Assignment 5 – Personal Project review and my thoughts on the course in general

  • Can you see a clear line of progression from source material through to finished piece? Was there enough information in your source material to stimulate your imagination and sustain your enthusiasm?

I can definitely see a clear progression. I managed to keep the elements I liked from the original source i.e. the strong motifs, lines and the colour change where the lines intersected the shapes yet managed to make the design my own through the change of colour and re-arrangement and abstraction of the motifs.

  • Do you feel you made the right choices and decisions when selecting at each stage of the project? If not what would you change and how would it alter the outcome?

The main design decisions I made during this project were:

  1. The change in colour scheme; swapping the bright red for a cooler bright pink made the colours come alive. It changed the scheme from a nice but slightly insipid one to a bright, vibrant scheme that really ‘popped’.
  2. The selection of the ‘needlefelted’ technique on a calico background; this was a bit of a gamble as it is a little unusual. I could have purely used felt to make the fabric but this would have reduced stability and the contrast in texture between the smoother background with the raised felted pattern which I feel really makes this design unique.
  3. The choice of bag shape; I choses a very simple construction for the bag that removed the need for too many seams or panels which would have spoilt the simplicity of the design. It also had the round base that I wanted from the start.
  • Are there more ideas you would like to pursue that have come out of this project? Are they similar in feeling to the direction you took or different? Note them down for future use.

I would like to use this design for a wall hanging or panel. It would be very similar but the motifs would need to be re-arranged slightly. I can also see it working as a design on softfurnishings or coming full circle as a design for fabric printing.

  • Which stage did you find most exciting? Which stage was most arduous and difficult to get through?

The most exciting stage was the final making up of the piece. This was because it was so difficult to know exactly how it would look in the ’round’. I had obviously trialled the design but I was not 100% sure how it would fold or sit when the handles were tied. I was really relieved that it all worked as I had hoped! The most arduous part was the stitching. I had made a mistake in choosing cheaper threads for their colour rather than their quality, I should have invested in better quality threads at the start rather than having to try to source some after really struggling. This is a mistake I will not make again; they have all gone in the bin.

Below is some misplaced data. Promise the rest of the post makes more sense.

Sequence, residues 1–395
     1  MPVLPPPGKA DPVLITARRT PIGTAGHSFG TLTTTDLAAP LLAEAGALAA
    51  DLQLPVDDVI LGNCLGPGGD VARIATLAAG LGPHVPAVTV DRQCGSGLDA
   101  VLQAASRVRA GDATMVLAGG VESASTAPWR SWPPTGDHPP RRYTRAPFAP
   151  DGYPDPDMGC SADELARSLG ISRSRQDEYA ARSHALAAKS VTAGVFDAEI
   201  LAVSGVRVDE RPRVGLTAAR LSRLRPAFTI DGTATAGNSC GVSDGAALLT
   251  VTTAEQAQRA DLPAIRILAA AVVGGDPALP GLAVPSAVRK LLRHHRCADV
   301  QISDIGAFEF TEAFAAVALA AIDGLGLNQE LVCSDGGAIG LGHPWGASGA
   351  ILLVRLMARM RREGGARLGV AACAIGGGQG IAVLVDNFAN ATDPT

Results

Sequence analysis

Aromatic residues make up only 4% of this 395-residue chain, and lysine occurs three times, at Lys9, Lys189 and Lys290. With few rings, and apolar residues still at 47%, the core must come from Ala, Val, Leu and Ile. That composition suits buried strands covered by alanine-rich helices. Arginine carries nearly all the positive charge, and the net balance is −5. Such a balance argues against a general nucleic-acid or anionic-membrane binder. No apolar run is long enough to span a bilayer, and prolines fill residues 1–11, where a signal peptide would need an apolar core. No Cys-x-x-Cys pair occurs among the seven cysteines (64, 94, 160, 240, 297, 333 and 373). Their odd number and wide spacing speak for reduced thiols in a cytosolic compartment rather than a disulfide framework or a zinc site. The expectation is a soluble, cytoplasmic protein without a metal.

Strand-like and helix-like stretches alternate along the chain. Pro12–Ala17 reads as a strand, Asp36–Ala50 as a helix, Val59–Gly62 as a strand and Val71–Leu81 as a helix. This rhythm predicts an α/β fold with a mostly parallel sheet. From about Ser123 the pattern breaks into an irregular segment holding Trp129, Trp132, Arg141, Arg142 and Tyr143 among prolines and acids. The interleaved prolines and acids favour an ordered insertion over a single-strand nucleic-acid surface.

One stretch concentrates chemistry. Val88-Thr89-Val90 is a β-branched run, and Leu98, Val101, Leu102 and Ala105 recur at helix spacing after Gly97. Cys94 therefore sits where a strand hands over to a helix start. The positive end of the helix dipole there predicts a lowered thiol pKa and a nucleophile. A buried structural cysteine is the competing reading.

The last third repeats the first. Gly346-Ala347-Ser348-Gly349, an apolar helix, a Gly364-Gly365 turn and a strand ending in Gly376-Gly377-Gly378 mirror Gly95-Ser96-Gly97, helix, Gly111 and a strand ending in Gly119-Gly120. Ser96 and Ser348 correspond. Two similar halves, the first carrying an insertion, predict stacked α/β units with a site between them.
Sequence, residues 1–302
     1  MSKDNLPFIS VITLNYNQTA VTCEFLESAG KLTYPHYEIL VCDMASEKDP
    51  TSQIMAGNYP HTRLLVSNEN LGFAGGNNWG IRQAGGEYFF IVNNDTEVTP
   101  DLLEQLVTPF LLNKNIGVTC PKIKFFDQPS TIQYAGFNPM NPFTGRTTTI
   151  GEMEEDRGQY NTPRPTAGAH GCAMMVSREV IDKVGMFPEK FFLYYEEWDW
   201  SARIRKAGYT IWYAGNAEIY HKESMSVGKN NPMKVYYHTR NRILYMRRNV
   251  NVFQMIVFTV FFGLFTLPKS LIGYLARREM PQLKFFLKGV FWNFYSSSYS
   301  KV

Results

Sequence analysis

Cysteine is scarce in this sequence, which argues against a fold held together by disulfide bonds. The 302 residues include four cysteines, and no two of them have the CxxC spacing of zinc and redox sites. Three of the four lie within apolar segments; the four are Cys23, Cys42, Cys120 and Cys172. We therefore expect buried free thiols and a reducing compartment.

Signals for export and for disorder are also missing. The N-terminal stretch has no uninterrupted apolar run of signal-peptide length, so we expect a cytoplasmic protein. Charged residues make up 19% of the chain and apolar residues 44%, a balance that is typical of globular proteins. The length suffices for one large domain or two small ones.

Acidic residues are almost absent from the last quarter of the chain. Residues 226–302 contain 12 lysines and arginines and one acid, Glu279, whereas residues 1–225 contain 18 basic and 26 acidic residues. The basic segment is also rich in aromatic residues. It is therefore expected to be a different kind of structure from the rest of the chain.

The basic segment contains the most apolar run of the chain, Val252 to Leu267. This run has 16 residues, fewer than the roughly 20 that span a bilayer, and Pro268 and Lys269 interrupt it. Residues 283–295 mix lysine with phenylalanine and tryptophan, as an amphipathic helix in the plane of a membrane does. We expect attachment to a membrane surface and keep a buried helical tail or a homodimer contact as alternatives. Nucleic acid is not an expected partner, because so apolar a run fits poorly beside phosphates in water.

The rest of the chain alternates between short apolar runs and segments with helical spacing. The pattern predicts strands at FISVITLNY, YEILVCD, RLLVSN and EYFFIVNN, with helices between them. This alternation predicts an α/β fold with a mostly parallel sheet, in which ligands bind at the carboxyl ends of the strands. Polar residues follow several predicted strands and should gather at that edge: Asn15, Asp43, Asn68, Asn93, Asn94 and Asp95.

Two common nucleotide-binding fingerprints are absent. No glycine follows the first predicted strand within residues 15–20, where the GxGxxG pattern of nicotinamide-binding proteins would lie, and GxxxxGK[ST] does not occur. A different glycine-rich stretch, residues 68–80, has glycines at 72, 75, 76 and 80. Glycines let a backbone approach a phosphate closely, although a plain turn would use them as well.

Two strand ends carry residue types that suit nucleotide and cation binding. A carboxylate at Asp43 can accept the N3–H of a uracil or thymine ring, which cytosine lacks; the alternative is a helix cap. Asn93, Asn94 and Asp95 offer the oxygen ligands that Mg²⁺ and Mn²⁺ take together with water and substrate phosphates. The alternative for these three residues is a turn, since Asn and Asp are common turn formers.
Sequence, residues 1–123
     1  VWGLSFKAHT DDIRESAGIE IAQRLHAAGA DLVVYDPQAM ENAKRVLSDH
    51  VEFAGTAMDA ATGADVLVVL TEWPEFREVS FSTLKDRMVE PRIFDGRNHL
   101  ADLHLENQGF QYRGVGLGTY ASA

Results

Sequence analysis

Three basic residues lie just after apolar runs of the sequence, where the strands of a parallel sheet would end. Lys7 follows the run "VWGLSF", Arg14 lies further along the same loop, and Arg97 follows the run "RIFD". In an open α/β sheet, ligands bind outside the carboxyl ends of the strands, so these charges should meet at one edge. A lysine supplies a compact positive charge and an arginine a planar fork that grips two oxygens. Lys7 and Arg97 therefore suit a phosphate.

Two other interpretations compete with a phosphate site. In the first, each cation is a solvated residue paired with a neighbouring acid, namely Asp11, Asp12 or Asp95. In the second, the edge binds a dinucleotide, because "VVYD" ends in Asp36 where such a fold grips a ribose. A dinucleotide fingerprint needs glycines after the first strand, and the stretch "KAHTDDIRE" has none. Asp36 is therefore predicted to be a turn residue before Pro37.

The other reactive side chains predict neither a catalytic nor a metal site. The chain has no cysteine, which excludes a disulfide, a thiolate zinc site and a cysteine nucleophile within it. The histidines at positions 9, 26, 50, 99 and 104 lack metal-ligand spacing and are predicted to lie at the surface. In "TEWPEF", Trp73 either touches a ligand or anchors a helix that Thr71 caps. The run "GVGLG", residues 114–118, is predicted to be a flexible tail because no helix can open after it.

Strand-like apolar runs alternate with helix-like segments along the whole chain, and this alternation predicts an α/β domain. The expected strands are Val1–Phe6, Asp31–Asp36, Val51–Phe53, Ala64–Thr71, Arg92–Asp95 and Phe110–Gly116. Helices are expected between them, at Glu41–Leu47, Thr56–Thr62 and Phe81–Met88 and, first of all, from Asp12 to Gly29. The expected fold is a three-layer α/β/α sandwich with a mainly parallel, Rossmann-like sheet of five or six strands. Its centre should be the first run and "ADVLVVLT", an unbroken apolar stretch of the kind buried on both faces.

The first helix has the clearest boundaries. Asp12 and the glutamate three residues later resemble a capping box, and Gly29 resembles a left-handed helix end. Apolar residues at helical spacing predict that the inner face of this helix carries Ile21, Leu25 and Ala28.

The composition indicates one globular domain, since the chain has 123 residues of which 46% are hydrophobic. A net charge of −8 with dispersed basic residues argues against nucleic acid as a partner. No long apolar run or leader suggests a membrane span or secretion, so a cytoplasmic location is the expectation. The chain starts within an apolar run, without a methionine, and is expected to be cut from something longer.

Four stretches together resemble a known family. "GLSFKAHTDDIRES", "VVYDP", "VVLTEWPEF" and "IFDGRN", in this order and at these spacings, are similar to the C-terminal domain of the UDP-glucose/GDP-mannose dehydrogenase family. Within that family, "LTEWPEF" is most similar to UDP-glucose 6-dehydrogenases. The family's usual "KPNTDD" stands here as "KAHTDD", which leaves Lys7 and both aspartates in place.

• Do you like your finished textile? What are its strengths and weaknesses?

I love the colours and the design also the highly stitched background. It is really ‘my style’. My favourite pieces are always very strong in colour and pattern – they are also quite often slightly reminiscent of art deco designs, this is not intentional but naturally seems to happen time and time again. I suppose it is my personal voice beginning to come through which is really exciting. The amount of time it took to create it could be simplified by having less stitching but I feel it would lesser the overall effect.

I never use flowers in my designs so this is a bit of a departure for me. I realise it is a bit of a gamble as they are such a common motif but I hope that I have managed to put enough of a spin on things to make it individual.

My final thoughts on the course:

I have really enjoyed exploring ideas, it has been a good introduction to some interesting techniques. My least favourite part was the screen printing and I think that showed. I could not get to grips with it and I don’t think it is a process I will use again.

I really enjoyed the reveal and conceal section, this was really exciting and enabled me to really explore some new techniques and re-visit some old favorites. I found the artist research very informative and useful moving forward and I found the last part very enjoyable and I am very pleased with my final piece.



About Julie Hooker

Having recently returned to my roots in Surrey, I am currently studying a BA Hons degree with the OCA. My work is often inspired by the local countryside in the beautiful Surrey Hills area and the wild rugged nature of the North Cornish coast. Steam engines and abandoned industrial history are also recent themes. A free machine embroiderer and felt maker; I like to explore the use of natural, found materials to create my art, whether that be as raw materials to stitch or weave with or as a material with which to produce dye or print with. Previously, I completed City and Guilds parts 1 & 2 Creative Embroidery at the East Berkshire College in Windsor in 2007. I was also awarded first place in the wearable art section of the National Quilt Championships 2008 and 2009 held annually at Sandown Park.
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